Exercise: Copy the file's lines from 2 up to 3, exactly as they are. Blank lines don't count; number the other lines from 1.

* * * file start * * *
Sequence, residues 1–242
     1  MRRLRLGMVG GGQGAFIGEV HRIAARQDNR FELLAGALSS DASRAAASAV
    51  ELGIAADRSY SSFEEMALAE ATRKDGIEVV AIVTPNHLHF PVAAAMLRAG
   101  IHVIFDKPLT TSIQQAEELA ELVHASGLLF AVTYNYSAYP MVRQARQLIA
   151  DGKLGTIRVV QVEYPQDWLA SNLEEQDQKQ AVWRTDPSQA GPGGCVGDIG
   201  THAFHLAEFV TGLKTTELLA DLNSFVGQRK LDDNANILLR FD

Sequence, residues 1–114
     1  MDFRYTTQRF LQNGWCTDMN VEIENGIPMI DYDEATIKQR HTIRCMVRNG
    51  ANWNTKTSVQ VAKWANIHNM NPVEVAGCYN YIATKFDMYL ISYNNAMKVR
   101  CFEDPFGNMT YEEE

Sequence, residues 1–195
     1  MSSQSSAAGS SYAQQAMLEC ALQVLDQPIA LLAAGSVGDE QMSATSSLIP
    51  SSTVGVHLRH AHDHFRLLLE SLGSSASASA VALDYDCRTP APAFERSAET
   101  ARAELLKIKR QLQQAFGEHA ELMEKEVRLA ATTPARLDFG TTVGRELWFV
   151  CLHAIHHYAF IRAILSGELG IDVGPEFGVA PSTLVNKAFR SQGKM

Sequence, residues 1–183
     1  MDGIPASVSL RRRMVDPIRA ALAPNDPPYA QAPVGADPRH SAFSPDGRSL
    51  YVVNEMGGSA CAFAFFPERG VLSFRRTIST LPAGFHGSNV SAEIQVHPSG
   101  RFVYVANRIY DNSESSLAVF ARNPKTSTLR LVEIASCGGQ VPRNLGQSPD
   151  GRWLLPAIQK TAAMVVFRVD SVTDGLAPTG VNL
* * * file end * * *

     1  MRRLRLGMVG GGQGAFIGEV HRIAARQDNR FELLAGALSS DASRAAASAV
    51  ELGIAADRSY SSFEEMALAE ATRKDGIEVV AIVTPNHLHF PVAAAMLRAG